South Africa’s National Assembly elected Nosiviwe Mapisa-Nqakula of the African National Congress (ANC) party as its new speaker becoming South Africa’s fifth woman that has been elected for the post.
Speaking after her election on Thursday afternoon despite growing opposition to her elevation, Mapisa-Nqakula said she would never take for granted the confidence the ANC placed in her to lead Parliament. She said:
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This is particularly an emotional occasion for me seated among you in the benches during proceedings and election. I really felt humbled to be nominated as a candidate for the position of Speaker of this house.
I also felt great pride both as a member of this house and as a South African observing the exercise of democracy with all parties big and small fully utilising the opportunity and space to nominate and vote freely for candidates of their choice for the position of Speaker.
It is upon this foundation that Parliament has continued to stand as the foremost custodian and protector of our democracy.
She was elected shortly after reports suggesting that Parliament’s portfolio committee on defence was investigating her on allegations of corruption and misuse of office.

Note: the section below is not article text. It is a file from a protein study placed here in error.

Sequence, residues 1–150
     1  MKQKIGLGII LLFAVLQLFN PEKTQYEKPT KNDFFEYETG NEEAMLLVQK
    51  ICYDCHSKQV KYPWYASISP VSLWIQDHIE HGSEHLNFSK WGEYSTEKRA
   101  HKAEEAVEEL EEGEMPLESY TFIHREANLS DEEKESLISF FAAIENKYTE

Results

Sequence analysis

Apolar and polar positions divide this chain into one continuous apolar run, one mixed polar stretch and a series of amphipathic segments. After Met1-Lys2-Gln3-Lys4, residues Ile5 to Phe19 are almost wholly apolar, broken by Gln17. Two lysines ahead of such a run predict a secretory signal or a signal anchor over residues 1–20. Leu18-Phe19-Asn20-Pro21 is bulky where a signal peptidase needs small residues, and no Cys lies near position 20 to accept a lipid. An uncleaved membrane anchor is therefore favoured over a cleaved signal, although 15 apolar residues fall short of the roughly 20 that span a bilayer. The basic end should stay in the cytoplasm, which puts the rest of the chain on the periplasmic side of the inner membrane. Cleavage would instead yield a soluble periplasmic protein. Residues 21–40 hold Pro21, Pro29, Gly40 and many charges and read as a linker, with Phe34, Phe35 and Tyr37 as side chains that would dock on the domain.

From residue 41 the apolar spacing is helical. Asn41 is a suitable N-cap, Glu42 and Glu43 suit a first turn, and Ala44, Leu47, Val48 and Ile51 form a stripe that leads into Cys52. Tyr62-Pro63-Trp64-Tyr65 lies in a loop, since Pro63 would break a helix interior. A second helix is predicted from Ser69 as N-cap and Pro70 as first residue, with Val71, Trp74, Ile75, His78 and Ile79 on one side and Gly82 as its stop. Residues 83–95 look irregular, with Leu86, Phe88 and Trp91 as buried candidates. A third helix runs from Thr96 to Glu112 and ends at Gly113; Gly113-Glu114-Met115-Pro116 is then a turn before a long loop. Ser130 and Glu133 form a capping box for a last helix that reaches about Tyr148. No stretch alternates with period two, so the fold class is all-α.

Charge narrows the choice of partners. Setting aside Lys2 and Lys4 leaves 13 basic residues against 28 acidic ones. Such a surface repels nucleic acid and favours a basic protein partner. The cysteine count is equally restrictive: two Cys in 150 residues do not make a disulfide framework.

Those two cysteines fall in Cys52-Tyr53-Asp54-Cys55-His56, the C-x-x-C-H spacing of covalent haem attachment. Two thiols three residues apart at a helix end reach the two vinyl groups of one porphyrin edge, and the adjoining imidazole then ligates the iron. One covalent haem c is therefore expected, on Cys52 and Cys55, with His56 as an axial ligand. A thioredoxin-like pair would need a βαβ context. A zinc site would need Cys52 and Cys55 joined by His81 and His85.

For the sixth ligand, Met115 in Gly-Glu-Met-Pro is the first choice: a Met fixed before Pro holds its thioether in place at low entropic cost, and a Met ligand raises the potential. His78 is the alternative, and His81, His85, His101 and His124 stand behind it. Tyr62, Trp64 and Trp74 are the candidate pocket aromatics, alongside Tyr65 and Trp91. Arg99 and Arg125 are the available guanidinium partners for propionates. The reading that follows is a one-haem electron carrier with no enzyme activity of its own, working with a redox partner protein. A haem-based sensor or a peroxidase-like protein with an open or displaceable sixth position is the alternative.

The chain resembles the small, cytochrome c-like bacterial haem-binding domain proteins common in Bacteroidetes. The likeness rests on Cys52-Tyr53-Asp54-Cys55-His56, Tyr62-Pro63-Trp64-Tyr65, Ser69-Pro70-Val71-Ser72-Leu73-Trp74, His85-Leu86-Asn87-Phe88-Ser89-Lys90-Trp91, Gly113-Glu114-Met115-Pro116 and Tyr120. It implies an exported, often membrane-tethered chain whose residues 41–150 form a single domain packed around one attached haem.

Political analysts Onkgopotse JJ Tabane, Lukhona Mnguni and the New Nation Movement sent a letter to the acting National Assembly Speaker Lechesa Tsenoli on Wednesday challenging her suitability.
They said Mapisa- Nqakula was imposed on the ANC’s members of Parliament who had to follow the instructions of the party’s top six leaders.
On Wednesday, the EFF said it would be abstaining from her election as it did not want to be complicit in “rubber-stamping Ramaphosa’s violation of the separation of powers”.
Mapisa-Nqakula was voted in by 199 MPs while the DA’s Annelie Lotriet, who was nominated by her party, received 82 while 17 votes were spoilt.